Taking a look at the United States Marine Corps, it is important to note that their responsibility differs, right off the bat. Their main mission and responsibility are to conduct expeditionary and amphibious operations. The Marines also operate alongside the Navy, primarily, however that doesn’t mean that they won’t come into contact and work alongside the Army and the Air Force as well. While the Marine Corps is technically its own branch, it has been operating under the US Navy since 1834.
The Army may be one of the biggest branches to date, however the Marine Corps is actually the smallest compared to the big four (which includes the Air Force, Navy, Army and of course the United States Marine Corps [USMC]). To put it into perspective, the USMC has 182,000 active-duty personnel, along with 38,500 Marine Reserves.
What Does the Marine Corps Do?
The Marines act as a defense of advanced naval bases, hence why they work so closely with and are underneath the Navy, helping to support naval campaigns and other campaigns that may extend to any other Armed Forces branches.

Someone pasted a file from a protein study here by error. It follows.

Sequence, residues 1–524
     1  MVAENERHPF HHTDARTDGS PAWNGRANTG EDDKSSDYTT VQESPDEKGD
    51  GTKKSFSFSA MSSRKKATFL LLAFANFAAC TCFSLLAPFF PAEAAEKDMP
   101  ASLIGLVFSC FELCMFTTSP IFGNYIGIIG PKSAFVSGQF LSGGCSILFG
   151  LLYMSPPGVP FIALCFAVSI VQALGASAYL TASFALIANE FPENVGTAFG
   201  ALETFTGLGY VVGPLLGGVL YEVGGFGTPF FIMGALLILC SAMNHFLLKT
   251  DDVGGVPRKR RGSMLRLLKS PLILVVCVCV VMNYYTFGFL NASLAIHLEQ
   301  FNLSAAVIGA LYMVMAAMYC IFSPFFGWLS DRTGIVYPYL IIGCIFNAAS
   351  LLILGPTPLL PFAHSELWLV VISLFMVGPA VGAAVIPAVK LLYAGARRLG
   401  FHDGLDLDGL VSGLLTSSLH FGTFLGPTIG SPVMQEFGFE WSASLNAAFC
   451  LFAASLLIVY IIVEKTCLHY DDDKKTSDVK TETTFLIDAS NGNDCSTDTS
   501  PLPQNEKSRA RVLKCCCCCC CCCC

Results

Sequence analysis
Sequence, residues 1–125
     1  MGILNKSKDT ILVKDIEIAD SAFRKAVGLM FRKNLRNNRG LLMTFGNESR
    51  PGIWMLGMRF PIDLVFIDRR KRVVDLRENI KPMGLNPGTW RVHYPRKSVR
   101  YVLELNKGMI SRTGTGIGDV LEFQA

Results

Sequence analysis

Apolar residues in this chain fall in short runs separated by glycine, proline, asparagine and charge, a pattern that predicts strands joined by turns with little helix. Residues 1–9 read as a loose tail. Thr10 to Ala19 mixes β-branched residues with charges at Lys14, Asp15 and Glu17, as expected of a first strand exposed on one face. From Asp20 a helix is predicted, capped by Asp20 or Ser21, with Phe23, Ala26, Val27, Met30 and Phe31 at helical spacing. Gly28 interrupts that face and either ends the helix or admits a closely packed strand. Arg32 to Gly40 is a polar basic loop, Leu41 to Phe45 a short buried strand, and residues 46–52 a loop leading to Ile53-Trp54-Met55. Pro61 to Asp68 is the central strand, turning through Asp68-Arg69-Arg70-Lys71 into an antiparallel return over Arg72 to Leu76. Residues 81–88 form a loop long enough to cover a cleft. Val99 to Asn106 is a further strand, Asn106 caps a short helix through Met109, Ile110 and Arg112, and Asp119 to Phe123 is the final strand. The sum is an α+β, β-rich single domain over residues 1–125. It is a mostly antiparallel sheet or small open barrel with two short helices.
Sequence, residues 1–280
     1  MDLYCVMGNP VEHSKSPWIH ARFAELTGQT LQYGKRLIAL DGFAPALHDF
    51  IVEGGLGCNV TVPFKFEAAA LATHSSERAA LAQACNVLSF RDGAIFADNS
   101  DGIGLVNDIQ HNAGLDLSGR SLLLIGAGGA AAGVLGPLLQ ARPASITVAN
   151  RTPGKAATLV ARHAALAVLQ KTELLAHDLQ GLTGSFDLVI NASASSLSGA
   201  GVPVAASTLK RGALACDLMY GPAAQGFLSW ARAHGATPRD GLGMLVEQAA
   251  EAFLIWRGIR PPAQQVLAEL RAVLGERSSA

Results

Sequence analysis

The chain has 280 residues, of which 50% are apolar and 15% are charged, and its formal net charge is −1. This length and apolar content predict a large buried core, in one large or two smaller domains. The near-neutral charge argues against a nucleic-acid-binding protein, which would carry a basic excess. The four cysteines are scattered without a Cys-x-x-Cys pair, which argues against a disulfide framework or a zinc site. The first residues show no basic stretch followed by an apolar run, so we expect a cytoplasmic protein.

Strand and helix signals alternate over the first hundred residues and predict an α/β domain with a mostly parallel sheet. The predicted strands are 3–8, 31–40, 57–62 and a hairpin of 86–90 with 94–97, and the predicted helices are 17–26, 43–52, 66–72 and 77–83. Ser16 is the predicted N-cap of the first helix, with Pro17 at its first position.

While the Marines are ready and able to support all branches, there is a selective group that consists of elite Marines. These active-duty individuals have been trained and prepared for combat that falls on any terrain or in any situation. It’s important to note that Marines have been involved in every major US conflict, standing to protect their country.
There are many responsibilities of the Marines, however their three main duties or objectives are; defense of advanced naval bases and supporting naval campaigns, development of tactics and equipment used by land forces (Army and Air Force), and any other duty that may be issued by the President or Department of Defense.
The Key Differences Between the Army and the Marine Corps
Now that we have a clear understanding of the purpose and overview of each branch, it’s time to break down the 5 key differences between the two. Some of these may be obvious whereas others may be somewhat surprising. Let’s get started!
So, we have covered that the Army is responsible for protecting and instilling peace on the land, meaning that they cover and operate on land-based missions only. However, the Marine Corps, though a branch of the Navy, are called to handle “amphibious” operations. This means that the terrain, environment, and location does not matter. If the operation is at land or out on water, the USMC have to be prepared and able to handle it.
Now both branches have the same goal at the end of the day; to protect and preserve the peace and security of the Nation. It’s just in the operations and places in which this act is carried out that truly differs.
The Army will work to support national policies, help to implement any objectives and will overcome any nations that seem aggressive or indifferent towards the US. The Marines are the ones who will assault, capture and control anyone to reach enemy forces. They also have a warfare speciality, in case needed.